As Bahrain’s newly elected parliament convened for the first time last week, the island nation stands divided. The Shi’a-dominated opposition boycotted last month’s elections and will be outside the political system for the foreseeable future, leaving little prospect for the community’s political advancement. Meanwhile, the predominantly Sunni electorate participated strongly in the polls and will move forward alone on a series of reforms and priorities that are most important to their community.
In other words, half of Bahrain is progressing politically while the other half remains frozen in place. This growing—and now essentially codified—split may increase social tensions and exacerbate the long-standing structural issues that led to the initial political crisis.
The Sunni community is more politically aware and empowered than they were four years ago, when a Shi’a-dominated opposition took to the streets in Arab Spring-inspired protests. Loyalists’ demands for better government services, more transparency in government, and a more accountable parliament will become the political priorities for the next four years—with potentially large political and economic dividends for the community.
The Shi’i community, meanwhile, remains politically disenfranchised and subject to strict policing. Its members frequently report economic discrimination for public jobs. But because the opposition, led by the officially registered political society al-Wefaq, chose to boycott the elections, neither the government nor the international community will see an immediate reason to push for political concessions.
November’s election was the first full parliamentary vote since opposition MPs resigned en masse in 2011, in protest of a crackdown against the Arab Spring-inspired protests that drew tens of thousands to the streets.
In the years since, Bahrain has struggled to overcome the crisis. The country’s crown prince spearheaded several attempts to hold a national dialogue that included opposition members, loyalists, and independents. But each fell short of a full consensus. Meanwhile, small-scale protests have continued in Bahrain’s Shi’a-majority villages, often devolving into clashes with security forces. According to activists, an estimated 3,000 prisoners are now being held in relation to the unrest and as many as 150 have died. Meanwhile, for the last 18 months, radical elements of the opposition have begun deploying rudimentary bombs and other explosives in retaliation. A handful of incidents have led to casualties, including most recently the death of a Jordanian police officer on December 8. The officer had been part of a security cooperation agreement between the two governments.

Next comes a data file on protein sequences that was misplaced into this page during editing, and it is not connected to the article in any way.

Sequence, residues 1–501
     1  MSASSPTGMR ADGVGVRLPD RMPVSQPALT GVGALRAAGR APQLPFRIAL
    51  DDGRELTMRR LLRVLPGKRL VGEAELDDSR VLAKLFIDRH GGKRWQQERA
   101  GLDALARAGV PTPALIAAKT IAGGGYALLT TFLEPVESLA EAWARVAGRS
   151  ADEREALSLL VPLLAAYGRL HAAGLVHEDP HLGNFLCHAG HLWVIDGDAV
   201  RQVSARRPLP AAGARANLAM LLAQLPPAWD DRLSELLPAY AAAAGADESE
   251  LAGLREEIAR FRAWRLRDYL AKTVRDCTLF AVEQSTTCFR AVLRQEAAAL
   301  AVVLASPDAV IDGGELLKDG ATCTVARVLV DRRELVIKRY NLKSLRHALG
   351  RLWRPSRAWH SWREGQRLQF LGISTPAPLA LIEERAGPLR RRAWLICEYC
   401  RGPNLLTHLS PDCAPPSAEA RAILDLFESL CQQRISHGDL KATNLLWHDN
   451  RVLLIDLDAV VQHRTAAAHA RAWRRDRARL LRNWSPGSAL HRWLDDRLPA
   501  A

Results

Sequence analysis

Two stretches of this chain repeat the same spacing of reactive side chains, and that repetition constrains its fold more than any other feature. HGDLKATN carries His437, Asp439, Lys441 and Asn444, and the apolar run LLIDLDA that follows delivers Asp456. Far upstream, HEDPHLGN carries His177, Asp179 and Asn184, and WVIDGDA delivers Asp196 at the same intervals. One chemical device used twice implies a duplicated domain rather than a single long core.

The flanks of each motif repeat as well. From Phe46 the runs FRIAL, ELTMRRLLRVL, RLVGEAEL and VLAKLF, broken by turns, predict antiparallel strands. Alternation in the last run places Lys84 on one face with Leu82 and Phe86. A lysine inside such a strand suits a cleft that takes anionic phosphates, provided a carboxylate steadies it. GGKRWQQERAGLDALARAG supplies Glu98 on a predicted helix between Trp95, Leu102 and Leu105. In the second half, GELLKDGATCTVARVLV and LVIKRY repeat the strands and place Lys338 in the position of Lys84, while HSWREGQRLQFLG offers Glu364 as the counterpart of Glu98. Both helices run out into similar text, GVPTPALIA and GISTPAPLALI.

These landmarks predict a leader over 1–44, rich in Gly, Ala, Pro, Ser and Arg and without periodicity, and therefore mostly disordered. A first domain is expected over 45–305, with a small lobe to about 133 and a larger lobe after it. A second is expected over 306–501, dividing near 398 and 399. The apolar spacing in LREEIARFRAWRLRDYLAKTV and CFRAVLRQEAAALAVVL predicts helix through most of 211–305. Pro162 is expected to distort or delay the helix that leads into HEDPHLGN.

In this context, both the Bahraini government and the international community saw the parliamentary vote as a benchmark that could bring the opposition back into the political system and turn the page on the last four years. Diplomats campaigned aggressively for the opposition to participate in the polls. Despite ongoing concerns about human rights, they argued that being in parliament was vital for the opposition’s ability to work for reform.
“We and other international partners were very disappointed that Wefaq didn’t take part,” said a Western diplomatic source. “We thought that was a bad move and we all tried very hard to persuade them that it made sense to participate.”
The early signs for electoral participation were not promising. But in early January 2014, figures from Wefaq held a “frank and transparent” meeting with the country’s crown prince that the group hoped would re-open talks and yield some progress. Prince Salman bin Isa al-Khalifa solicited proposals from the opposition, as well as from non-opposition political societies, from which the Royal Court would put together a proposed agenda for a new national dialogue.
Some nine months later, Wefaq says it felt blindsided when the crown prince announced a series of proposed political reforms said to be the “common ground” between the various sides. Although short on details, the proposals did include nods to at least some of the opposition’s key demands, such as electoral redistricting, a more empowered parliament, judicial independence, and some security sector reform.
Still, Wefaq said it had not been consulted since the spring and felt the proposals were unilateral. “We didn’t know that negotiations were over,” said Abdul Jalil Khalil Ebrahim, former head of Wefaq’s parliamentary bloc. The bloc decided to boycott the polls, arguing that the elections would do little to heal political rifts.
According to some analysts in Bahrain, this decision stirred debate within the opposition, with certain parts of Wefaq seeking to participate while others remaining opposed. One candidate from the party ranks did register, though he later withdrew, and Ebrahim denied that the issue had caused any fractures.
By the time the election took place, the opposition did appear to coalesce around the boycott. Turnout in the two strongest opposition districts fell below 10 percent. While the majority likely boycotted by choice, there were also reports of intense community pressure deterring any hopeful voters from the polls. …
Continue reading at the Middle East Institute. Republished with permission from the Middle East Institute.
Elizabeth Dickinson is a journalist based in the Arabian Peninsula. Her writing has appeared in The New Yorker,Foreign Policy, The Economist, the Christian Science Monitor, the Wall Street Journal, the New York Times, andThe Financial Times, among others. Currently Middle East editor and correspondent for Monitor Global Outlook, a start up of the Christian Science Monitor, she is a former Gulf correspondent for The National, assistant managing editor at Foreign Policy, and Nigeria correspondent for The Economist.